Tech giant Intel has been giving users peeks here and there at its new Skylake CPUs, but now they get the whole picture. This week at the IFA 2015 consumer electronics show in Berlin, Intel provided attendees with eagerly-awaited details on the sixth-generation Core chips, including speeds, price and information about their internal designs.
The company showed off dozens of variations of the new chips at the trade show, including the Core Y-series chips for tablets, U-series chips for thin-and-light notebooks, and the H-series chips for mobile devices and performance mobile workstations. Also on display were the S-series chips, which will come with performance and value desktops, all-in-ones and mini PCs.
And Intel isn’t finished rolling out the new line. During the fourth quarter of 2015 and into next year, the company will release vPro versions of the Core i5, Core i7, m5, and m7 chips, as well as more Pentium and Celeron versions. Intel also plans to release a Xeon-branded version of Skylake for servers.
The new array of CPUs is Intel’s way of encouraging consumers to go with hardware upgrades in the form of new PCs instead of just upgrading their old machines. The company expects that the new chips, with their many features, will make faster, more efficient PCs a must-have. Although most Skylake CPUs will come pre-installed on new machines, they start at about $250 if sold separately.
Speed Gains DIffer
We reached out to Linley Gwennap, principal analyst for The Linley Group, who told us that Skylake offers significant gains in either clock speed or power for users upgrading from the 22nm Haswell.
"Compared with Broadwell, however, the gains are minimal," said Gwennap. "These products see little or no clock-speed increase."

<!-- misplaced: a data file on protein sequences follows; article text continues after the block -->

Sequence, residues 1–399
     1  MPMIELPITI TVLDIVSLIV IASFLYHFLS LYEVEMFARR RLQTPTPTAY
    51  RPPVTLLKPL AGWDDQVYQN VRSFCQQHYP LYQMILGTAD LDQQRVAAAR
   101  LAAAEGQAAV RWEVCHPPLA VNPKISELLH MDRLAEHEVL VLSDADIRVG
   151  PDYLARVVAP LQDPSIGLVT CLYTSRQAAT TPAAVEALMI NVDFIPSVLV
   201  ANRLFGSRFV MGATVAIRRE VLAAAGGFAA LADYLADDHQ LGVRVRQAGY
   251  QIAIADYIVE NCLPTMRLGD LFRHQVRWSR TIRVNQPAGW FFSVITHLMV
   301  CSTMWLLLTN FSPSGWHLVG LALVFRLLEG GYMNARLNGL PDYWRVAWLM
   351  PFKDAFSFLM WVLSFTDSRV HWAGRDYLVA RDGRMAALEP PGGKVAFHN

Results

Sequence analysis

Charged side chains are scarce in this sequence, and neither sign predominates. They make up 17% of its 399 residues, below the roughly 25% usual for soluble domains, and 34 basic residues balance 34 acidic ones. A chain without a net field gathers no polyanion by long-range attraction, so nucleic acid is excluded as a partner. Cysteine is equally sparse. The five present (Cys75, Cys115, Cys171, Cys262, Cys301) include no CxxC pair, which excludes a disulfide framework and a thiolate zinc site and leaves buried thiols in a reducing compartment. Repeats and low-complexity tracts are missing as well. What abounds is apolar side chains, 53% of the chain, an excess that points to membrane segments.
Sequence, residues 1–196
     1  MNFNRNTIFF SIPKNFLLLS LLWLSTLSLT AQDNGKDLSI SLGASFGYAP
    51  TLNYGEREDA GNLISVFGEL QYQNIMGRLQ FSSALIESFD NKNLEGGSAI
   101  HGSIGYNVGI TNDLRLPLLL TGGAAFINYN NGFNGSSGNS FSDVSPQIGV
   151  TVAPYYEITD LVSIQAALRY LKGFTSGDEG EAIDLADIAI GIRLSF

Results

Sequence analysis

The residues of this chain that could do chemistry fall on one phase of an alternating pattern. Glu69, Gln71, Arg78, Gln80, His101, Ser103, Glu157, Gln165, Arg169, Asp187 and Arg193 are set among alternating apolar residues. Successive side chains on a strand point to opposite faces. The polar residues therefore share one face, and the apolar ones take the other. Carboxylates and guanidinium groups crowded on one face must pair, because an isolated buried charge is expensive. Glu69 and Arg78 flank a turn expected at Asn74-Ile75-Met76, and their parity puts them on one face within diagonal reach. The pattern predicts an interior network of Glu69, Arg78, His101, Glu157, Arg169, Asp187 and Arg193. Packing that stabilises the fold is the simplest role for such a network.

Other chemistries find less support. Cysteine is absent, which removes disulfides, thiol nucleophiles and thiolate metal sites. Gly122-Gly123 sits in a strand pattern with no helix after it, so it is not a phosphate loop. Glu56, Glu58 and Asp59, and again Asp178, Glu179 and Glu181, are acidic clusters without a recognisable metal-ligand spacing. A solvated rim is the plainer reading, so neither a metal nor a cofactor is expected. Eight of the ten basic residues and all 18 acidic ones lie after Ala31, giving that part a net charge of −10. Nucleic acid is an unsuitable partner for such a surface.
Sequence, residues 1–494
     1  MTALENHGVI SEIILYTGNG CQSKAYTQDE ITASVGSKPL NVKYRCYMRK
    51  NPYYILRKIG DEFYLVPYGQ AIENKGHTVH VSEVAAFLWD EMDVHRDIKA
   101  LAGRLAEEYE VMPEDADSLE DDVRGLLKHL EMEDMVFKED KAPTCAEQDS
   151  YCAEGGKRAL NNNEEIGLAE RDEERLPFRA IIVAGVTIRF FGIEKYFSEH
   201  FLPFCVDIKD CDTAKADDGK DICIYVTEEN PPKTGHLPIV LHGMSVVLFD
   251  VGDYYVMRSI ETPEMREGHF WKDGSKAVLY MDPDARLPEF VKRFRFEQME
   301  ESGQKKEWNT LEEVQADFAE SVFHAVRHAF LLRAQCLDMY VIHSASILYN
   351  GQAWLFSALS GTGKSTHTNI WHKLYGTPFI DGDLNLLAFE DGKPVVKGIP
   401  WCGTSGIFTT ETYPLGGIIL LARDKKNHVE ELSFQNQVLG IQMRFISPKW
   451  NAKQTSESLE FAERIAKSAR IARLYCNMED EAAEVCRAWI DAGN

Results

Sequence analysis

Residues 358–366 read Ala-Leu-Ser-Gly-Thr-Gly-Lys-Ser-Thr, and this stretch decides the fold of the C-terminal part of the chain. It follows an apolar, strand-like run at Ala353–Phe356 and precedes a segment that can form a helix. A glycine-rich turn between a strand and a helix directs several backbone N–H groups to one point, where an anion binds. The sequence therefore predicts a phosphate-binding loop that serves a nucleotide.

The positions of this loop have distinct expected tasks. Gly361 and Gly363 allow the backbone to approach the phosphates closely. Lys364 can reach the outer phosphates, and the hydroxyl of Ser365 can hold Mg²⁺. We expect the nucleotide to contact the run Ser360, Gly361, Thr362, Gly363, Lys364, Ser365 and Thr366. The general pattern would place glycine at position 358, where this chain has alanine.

In studying Skylake, Gwennap’s company estimated that the enhancements to the CPU design yield about 5 percent more performance per clock cycle on most PC applications. The reason is that Skylake’s advances are more conspicuous outside the CPU, in the form of a new image-processing engine and added DDR4 and PCI Express 3.0 interfaces. Also, GPU and video engine upgrades in Skylake increase performance per watt.
The lowest-power offerings in Intel’s Skylake lineup are the Core M chips, which go by the same name, but with a lower-case M: Core m. Consuming just 4.5 watts, these will mostly be used in 2-in-1 devices.
To underscore how Skylake CPUs can represent a true upgrade for users who have been reluctant to purchase new PCs, Intel is comparing Skylake’s performance to the hardware in a typical 2010 notebook computer. Skylake delivers more than double the speed and triple the battery life and wakes up four times faster, according to Intel. It also enables such features as the WiDi mirroring solution, Cortana and touch interaction. Also, Skylake has been optimized for Windows 10, Intel noted.
Compared to Broadwell, though, Skylake can boast only about a 10-percent speed boost, slightly longer battery power, and superior graphics. Gwennap said that while the performance upgrade will be relatively slight, Skylake will offer the advantages of 14nm to mainstream desktop and notebook PCs. "And it supports the latest platform technologies, giving PC users new reasons to upgrade," he said.